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The fine wine market, after uninterrupted months of growth, shows the first signs of a slowdown. In the current situation, marked by the energy crisis, the war in Ukraine and inflation that is growing at rates not seen for decades, the low profitability of the Liv-ex indices in August 2022 should not worry those who regularly invest in the most prestigious labels . Especially if it has decided to focus on the great Italian labels, collected in the Italy 100, which, in the last 12 months, has grown by 15% and, in the last 5 years, even by 46%.

In the long run, in reality, many labels have gone even better, starting with Tignanello 2010, Super Tuscan by Marchesi Antinori whose prices have grown by 119.2% over a five-year period, to 1,710 pounds per case. And again, the Tignanello 2011, up 119.4%, at a current price of 1,360 pounds per case, and the Tignanello 2009, with a growth of 117.7%, for 1,720 pounds per case. Following, in the WineNews analysis (based on Liv-ex data updated to 31 August 2022), the Sassicaia 2012 of Tenuta San Guido, Bolgheri’s landmark, grew by 107.6% to 2,490 pounds per box. Sassicaia 2013 also did well, growing by 104.8% to £ 2,640 per box, and Sassicaia 2010, which made + 104.4% to £ 2,800 per box.

Outside Tuscany, the best performing Italian label of the last five years on the Liv-ex is, on the other hand, the 2009 Gaja Barbaresco, whose prices have grown by 98.5%, to 2,564 pounds. This was followed by Sassicaia 2009, which appreciated by 94.4%, up to £ 2,800 per case, and Sassicaia 2011, at + 94.9%, for £ 2,400 per case. In eighth place the 2013 Tignanello, which, in the space of five years, has gained 93.9%, up to 1,377 pounds per case, doing better than the Solaia 2009, another reference label of the Antinori galaxy, which grew by +92, 8% to 2,660 pounds per box, and the 2012 Tignanello, which grew by + 88.3% to 1,269 pounds per box. Then, Giacomo Conterno’s Barolo Cascina Francia 2008 (+ 85.7% to 2,600 pounds)the 2013 Solaia (+ 77.6% to 2,540 pounds), the 2011 Solaia (+ 74.2% to 2,090 pounds) and the 2011 Gaja Barbaresco (+ 63.4% to 1,618 pounds). And again, among the Italian labels that have most appreciated, in the last five years, Solaia 2012 (+ 63.1% to 2,290 pounds), followed by Masseto 2009 (+ 61% to £ 7,820), Ornellaia 2012 (+ 56.9% to £ 1,710), Ornellaia 2013 (+ 55.8% to £ 1,869) and Masseto 2010 (+54 , 6% at £ 9,441). Then, the Masseto 2012 (+ 54.5% to 7,549 pounds), the Solaia 2010 (+ 50% to 2,550 pounds) and the Ornellaia 2010 (+ 47.3% to 2,380 pounds).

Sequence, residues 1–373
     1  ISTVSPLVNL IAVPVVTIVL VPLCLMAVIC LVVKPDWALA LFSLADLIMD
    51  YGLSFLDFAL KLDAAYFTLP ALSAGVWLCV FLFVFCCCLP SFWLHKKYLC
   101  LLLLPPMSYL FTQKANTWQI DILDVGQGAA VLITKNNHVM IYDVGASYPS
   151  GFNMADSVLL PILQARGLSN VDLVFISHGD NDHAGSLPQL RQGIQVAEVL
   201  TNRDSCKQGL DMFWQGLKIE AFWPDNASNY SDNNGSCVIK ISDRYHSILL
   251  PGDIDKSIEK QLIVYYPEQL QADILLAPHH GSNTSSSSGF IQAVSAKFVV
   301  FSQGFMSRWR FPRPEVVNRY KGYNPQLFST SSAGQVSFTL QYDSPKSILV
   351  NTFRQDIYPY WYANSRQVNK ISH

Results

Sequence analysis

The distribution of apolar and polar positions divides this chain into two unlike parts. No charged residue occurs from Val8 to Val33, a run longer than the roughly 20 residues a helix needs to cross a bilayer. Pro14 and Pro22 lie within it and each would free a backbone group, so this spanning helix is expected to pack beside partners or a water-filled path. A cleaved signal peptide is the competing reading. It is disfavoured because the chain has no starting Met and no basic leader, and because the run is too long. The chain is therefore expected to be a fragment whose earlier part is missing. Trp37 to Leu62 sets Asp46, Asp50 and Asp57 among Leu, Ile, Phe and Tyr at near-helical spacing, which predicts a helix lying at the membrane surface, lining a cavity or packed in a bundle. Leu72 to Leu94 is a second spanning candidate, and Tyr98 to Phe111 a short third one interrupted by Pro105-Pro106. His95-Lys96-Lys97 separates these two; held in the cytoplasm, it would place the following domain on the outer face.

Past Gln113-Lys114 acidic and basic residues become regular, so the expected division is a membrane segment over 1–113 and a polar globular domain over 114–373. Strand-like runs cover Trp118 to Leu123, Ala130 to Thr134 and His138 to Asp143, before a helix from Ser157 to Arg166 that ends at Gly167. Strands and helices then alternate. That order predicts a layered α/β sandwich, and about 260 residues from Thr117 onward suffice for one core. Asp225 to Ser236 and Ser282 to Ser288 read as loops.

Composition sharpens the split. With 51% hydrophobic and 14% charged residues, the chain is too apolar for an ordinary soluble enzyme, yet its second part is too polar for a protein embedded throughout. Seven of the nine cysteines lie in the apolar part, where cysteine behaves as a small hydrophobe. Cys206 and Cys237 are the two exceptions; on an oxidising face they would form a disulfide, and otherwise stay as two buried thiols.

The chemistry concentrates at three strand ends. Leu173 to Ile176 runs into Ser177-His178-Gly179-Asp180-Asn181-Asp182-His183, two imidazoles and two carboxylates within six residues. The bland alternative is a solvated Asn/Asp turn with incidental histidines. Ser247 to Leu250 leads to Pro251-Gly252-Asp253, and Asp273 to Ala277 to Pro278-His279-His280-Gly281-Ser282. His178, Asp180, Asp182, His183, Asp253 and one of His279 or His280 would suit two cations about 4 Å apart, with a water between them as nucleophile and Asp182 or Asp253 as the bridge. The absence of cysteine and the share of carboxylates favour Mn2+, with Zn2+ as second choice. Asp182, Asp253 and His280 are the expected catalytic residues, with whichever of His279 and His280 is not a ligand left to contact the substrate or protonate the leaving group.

Below the five-year growth of the Italy 100, on the other hand, Barolo Cascina Francia 2012 Giacomo Conterno (+ 43.1% to 2,260 pounds), Ornellaia 2009 (+ 42.9% to 2,000 pounds), Barbaresco 2013 Gaja (+ 40.6% to 1,532 pounds) ) and the Masseto 2011 (+ 33.4% to 6,804 pounds). But also Masseto 2013 (+ 33% to 7,020 pounds), Barolo Cascina Francia 2009 Giacomo Conterno (+ 29.5% to 1,800 pounds), Barolo Cascina Francia 2011 Giacomo Conterno (+ 25.7% to 2,100 pounds), Barbaresco 2010 Gaja (+ 25% to £ 2,150), Barolo Cascina Francia 2010 Giacomo Conterno (+ 19.5% to £ 3,800), Barbaresco 2012 Gaja (+ 14.3% to £ 1,533) and Ornellaia 2011 (+ 13.7% to 1,450 pounds).


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Marco Ribaudo

Marco Ribaudo

For the love of food and wine! Marco Ribaudo, Certified Sommelier, with 25 years in the food and beverage industry now invites you to join him in his latest adventure, the opening of la Cucina del Vino to share his culture and passion for creating unforgettable memories around the table.

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